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Road to Discovery of Truth Is Paved With Evaluating Sources and Fact-Checking

This post applies Mike Caulfield’s strategies of web literacy to examine the reliability of web content, and is followed by reflections on web sources.

The exercise that we chose to do from the Mike Caulfield’s Four Moves blog is about John Lennon. Our task was to determine whether the photo in question actually shows John Lennon signing an album for Mark Chapman, the man who would kill him later that night.

The first step was to take the only piece of information that we had, which was the photo, and do the Google Image Search. This led us to the article published by The Guardian, in which we discovered some basic information about the day he was murdered, and, most importantly, the name of the photographer who took the photo – Paul Goresh. After finding this out, we decided to do more research on him. We came upon various articles published by a number of different sources which were unfamiliar to us, so we decided to dig a little deeper and try and find some sources that we knew were reputable. In doing so, we came across an article published by The Independent, which credits Goresh for the photo.

Then, we wanted to further research the killer himself, and we managed to find a youtube video in which he recalls that entire day, Lennon signing his copy of the album, and his exchange with Goresh. Wanting to explore every side of the story, in order to be objective, we decided to research on what Goresh had to say about that day. We only managed to find one websitewhich provided us with a completely different story from Goresh’s point of view. Even though we can’t vouch for the credibility of this website, they both acknowledge the fact that this event did occur.

Eventually, while trying to prove the validity of the photograph, we stumbled upon an article titled For sale: The last photos of John Lennon – negatives and ©, which referred us to a different site on which we found out about the existence of around dozen negatives taken by Goresh on that same day.

In the end, after examining all the evidence, we concluded that the John Lennon was indeed photographed with his killer only hours before his murder.

Why do we trust some sources more than others?

Since we live in the digitally most advanced age there is never a lack of news sources. But we are facing another issue – distinguishing between those sources that are trustworthy and those that are not.

It doesn’t matter whether we are talking about online sources or good old-fashioned newspapers, the underlying premise is the same, and that is that they all are biased to some extent. Therefore, the news tends to be presented from a particular perspective that a source represents. The environment in which we grew up shapes us and largely impacts the way we think of or perceive certain sources. So, naturally, people are going to side with those sources that express, more or less, similar beliefs and viewpoints, and dismiss those that oppose them.

Ultimately, trusting a source depends heavily on our own opinions and beliefs. However, educating and familiarizing ourselves with certain topics, as well as comparing how several different sources covered the same piece of news can be a good way of determining the credibility and reliability of a source. This is becoming more and more difficult to do since social media and other online media outlets have made it possible for anyone to publish anything and everything. Although, it is important to keep in mind that just because we trust a source doesn’t necessarily mean that it is reputable, and that those sources that we are unfamiliar with should be so easily disregarded.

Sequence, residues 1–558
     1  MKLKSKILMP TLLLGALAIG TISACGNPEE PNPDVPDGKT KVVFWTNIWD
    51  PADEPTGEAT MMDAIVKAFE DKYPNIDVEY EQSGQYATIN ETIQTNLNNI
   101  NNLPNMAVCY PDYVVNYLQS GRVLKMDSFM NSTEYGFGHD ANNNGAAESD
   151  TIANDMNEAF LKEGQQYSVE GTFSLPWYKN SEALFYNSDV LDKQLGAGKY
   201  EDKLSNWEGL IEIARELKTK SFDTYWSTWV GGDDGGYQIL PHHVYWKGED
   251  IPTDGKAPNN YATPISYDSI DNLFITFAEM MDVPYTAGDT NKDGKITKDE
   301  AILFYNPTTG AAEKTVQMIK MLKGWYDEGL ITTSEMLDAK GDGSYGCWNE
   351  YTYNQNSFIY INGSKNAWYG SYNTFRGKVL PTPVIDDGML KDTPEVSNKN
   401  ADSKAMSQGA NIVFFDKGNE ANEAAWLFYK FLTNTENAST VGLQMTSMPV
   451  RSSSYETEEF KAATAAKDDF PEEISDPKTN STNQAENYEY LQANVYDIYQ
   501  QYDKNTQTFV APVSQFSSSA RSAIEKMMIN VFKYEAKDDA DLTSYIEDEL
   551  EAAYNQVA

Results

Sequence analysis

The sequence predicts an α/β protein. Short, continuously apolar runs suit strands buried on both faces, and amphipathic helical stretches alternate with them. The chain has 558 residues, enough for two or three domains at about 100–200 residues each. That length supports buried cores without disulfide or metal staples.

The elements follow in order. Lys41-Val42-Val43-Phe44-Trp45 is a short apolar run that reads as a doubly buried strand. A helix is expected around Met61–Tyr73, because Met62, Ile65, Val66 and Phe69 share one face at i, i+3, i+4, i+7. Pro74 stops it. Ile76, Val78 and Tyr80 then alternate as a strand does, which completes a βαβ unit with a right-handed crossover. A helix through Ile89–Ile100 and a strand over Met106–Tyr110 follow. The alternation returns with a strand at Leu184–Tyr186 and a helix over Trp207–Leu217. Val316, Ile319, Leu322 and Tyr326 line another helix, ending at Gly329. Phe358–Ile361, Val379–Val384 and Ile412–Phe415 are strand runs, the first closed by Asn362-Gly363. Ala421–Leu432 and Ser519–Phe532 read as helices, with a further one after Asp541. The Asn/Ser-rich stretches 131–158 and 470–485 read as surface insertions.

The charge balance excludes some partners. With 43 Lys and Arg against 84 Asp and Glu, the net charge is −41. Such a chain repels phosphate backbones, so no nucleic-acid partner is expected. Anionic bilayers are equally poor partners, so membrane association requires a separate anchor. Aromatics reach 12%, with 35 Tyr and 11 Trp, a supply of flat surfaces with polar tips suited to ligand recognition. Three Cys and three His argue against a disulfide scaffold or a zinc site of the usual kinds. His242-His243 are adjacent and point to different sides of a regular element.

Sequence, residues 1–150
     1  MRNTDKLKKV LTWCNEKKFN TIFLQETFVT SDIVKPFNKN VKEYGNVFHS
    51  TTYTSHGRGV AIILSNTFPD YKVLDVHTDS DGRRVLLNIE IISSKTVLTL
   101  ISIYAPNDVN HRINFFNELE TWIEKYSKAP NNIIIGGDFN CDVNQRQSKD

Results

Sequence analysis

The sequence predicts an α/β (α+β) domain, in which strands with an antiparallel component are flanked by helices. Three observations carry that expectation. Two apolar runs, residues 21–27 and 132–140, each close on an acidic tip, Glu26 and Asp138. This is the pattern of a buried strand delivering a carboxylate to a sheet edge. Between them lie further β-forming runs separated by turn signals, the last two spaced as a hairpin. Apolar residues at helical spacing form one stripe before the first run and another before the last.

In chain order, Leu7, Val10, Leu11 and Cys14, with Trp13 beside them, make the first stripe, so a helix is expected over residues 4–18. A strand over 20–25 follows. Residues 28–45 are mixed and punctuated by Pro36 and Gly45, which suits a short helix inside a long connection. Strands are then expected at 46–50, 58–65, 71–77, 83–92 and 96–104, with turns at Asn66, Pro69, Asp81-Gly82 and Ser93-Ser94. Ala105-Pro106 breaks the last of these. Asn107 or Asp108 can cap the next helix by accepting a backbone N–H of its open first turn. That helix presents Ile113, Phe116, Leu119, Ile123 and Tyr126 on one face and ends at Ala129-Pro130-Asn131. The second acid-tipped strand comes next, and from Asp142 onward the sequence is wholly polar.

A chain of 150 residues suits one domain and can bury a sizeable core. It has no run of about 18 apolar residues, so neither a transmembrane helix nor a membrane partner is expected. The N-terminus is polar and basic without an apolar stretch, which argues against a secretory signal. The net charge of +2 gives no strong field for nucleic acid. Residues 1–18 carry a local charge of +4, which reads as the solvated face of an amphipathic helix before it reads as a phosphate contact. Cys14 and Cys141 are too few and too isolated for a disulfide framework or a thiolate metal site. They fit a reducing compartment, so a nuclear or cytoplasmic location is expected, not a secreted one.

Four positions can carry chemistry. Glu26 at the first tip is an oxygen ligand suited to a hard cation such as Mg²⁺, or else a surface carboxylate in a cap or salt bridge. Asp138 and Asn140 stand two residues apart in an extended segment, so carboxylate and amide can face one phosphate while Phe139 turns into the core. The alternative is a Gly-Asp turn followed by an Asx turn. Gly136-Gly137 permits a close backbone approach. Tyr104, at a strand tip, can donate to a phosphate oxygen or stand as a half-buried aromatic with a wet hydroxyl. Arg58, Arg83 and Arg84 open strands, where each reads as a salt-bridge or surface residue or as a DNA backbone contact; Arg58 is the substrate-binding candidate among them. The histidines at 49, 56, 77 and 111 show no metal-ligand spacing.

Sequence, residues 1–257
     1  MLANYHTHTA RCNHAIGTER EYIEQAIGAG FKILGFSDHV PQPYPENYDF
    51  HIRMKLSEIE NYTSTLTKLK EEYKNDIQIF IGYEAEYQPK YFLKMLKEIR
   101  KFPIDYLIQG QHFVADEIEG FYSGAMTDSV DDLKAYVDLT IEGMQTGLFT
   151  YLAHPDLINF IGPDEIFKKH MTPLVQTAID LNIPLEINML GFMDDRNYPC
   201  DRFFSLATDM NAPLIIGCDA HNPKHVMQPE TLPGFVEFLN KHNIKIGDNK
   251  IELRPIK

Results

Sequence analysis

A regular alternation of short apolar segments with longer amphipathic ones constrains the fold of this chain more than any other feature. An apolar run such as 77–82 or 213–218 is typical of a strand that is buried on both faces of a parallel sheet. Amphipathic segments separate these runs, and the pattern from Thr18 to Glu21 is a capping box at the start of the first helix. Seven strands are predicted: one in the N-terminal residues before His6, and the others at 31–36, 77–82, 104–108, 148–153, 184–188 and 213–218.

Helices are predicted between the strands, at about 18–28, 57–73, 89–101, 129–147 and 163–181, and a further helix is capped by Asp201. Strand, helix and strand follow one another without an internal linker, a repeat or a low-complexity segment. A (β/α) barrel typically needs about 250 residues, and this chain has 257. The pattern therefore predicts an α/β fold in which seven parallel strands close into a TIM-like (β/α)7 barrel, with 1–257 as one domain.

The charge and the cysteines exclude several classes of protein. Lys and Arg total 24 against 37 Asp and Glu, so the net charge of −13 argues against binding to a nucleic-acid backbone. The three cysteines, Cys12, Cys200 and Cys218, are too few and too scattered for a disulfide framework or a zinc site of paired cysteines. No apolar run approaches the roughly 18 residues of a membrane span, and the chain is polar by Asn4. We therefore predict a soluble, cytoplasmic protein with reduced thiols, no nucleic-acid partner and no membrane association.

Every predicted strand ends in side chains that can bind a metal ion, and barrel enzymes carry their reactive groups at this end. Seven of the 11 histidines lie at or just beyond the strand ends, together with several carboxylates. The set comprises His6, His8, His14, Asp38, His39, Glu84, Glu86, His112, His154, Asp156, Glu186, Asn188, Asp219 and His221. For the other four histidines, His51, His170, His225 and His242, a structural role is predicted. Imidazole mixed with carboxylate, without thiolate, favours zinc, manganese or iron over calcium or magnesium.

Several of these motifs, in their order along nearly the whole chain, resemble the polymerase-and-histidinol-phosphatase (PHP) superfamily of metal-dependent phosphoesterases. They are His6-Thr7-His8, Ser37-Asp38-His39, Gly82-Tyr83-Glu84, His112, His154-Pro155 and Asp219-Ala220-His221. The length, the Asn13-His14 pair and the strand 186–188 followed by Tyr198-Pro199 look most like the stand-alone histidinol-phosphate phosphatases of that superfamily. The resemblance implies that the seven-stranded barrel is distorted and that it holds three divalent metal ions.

How do we make sure we are not excluding valuable sources? What are the dangers of a diet of news from only one type of source?

It is no wonder that in the contemporary world, where we have so many options, one has to find a few sources which are trustworthy enough to be used on a daily basis. On the other hand, when we become used to a certain source, we start to accept everything we read blindly and we don’t even question the information we’re receiving. Relying on just one source can seriously cloud our judgment and if we get too comfortable with it, we will not be able to see the situation from an objective viewpoint. We have so many different options available at the click of a button and, despite that, most of us choose one or two of them that we have encountered previously or that have proven to be satisfactory in the past. We have to be open-minded and try to gather as many possible perspectives, and not limit ourselves because we might miss out on so much intriguing and valuable information. Even if our own beliefs or viewpoints differ from what we may encounter on certain websites or in newspapers, we can never dismiss opinions unlike our own just because we don’t agree with them. By investigating a story and exploring different options when it comes to online and traditional sources, we use our own mind and critical thinking much more, while also developing skills of discerning which sources are valuable and trustworthy and which are not to be trusted.

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